Spring Into Allergy Season
Up to 40 percent of children in the United States suffer from seasonal allergies. Find out what symptoms parents should look for to determine if their kid is suffering from allergies, and what treatments are available.
If welcoming the new season means welcoming more sneezing and sniffling around your house, then your kids might be suffering from allergies.
As many as 40 to 50 million people in the United States are affected by allergies and at least 35.9 million Americans have seasonal allergies, according to the American Academy of Allergy, Asthma & Immunology.
So how can a parent know if their kid just has a cold, or if it's more than that? And what should they do if they do suspect it is allergies? We asked Dr. Todd Mahr, Director of Pediatric Allergy/Asthma/Immunology at Gunderson Lutheran Hospital in La Crosse, Wisconsin, to give us some insight about symptoms, steps parents should take, and treatments for allergies.
What are the symptoms of seasonal allergies in kids?
They'll have repetitive sneezing, a running nose that is a thin, clear substance ... it's not usually thick and gooey; nasal congestion, an itchy nose, ears, eyes, throat -- so they get the itchies, and watery eyes.
For perennial allergies, they'll get more nasal blockage and congestion. They'll have post-nasal drip, which is when mucus drips down the back of the throat and kids will tend to clear their throats a lot. They also do have runny nose and sneezing but it's less prominent than in kids with seasonal allergies.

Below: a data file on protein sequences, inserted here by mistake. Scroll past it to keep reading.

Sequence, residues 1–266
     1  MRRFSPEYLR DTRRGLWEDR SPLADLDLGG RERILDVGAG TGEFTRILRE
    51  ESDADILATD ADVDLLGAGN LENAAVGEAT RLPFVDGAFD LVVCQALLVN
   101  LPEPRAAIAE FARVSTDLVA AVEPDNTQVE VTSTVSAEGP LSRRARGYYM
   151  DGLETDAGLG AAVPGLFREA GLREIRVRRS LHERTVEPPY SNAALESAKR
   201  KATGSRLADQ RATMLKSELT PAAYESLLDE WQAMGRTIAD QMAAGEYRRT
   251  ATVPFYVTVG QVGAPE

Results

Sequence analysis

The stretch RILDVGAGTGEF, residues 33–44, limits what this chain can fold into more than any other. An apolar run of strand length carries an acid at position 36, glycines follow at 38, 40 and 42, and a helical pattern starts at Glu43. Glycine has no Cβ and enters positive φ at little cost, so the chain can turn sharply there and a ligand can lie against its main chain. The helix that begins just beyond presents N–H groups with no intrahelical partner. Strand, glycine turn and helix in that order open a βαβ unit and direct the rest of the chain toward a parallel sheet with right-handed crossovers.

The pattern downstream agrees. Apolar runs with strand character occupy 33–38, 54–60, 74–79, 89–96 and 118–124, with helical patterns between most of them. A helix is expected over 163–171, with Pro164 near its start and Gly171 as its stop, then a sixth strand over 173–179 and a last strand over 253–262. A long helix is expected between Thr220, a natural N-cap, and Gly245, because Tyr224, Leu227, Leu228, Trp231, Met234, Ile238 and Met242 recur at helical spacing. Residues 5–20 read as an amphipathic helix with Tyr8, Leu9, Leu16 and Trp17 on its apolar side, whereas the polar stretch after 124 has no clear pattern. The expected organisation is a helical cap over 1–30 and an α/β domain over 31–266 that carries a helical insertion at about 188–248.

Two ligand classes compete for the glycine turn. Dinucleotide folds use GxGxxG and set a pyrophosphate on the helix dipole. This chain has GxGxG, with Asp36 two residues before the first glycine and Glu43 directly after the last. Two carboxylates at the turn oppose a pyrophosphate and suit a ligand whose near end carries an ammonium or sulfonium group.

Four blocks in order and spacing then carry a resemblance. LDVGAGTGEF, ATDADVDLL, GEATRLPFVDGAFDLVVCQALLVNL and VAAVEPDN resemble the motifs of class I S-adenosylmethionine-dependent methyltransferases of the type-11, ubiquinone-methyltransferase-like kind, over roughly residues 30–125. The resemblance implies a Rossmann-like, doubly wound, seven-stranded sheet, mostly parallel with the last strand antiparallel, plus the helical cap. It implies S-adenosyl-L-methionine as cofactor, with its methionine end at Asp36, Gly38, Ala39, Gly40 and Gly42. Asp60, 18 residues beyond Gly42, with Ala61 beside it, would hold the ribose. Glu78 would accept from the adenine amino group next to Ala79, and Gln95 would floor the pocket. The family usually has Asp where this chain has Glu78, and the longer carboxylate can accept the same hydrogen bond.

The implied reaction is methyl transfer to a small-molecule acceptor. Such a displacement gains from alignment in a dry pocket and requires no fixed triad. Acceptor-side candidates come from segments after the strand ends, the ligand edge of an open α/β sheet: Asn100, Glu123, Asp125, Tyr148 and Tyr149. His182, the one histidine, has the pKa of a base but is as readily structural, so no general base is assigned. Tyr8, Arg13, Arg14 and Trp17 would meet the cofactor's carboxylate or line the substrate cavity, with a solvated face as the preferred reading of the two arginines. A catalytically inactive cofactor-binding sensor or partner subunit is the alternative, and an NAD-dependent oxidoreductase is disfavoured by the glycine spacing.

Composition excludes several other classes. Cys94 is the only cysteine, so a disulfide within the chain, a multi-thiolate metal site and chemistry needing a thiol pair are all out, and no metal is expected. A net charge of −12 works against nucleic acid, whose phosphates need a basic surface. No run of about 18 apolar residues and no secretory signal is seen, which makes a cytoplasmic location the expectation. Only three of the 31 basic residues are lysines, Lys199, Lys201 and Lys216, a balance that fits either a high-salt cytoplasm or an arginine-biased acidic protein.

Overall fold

Keep in mind that it varies from person to person -- one may have more sneezing, another more of a runny nose, another more of the itchies.
What's the difference between seasonal allergies and perennial allergies? And when do the different kinds of allergies act up?
For seasonal allergies, they occur mainly with pollen so it comes from plants, weeds, grasses and trees. Many parents will recognize pollen more in the Spring, you know, if they leave their car outside overnight and go out to it in the morning, they'll see a little, yellow dusting on their car ... that's pollen. And if you have pollen allergies, they'll appear when that's in the air. Classically, it comes from trees early in the spring, so in April and May. Then in May, June and July, it's the grasses that are at their worst ... so people with allergies to various kinds of grasses may feel it more. And then in the Fall, it's the weeds, so ragweed allergies may flare up in mid-August to the end of September. That's classic, but it varies in different parts of the country.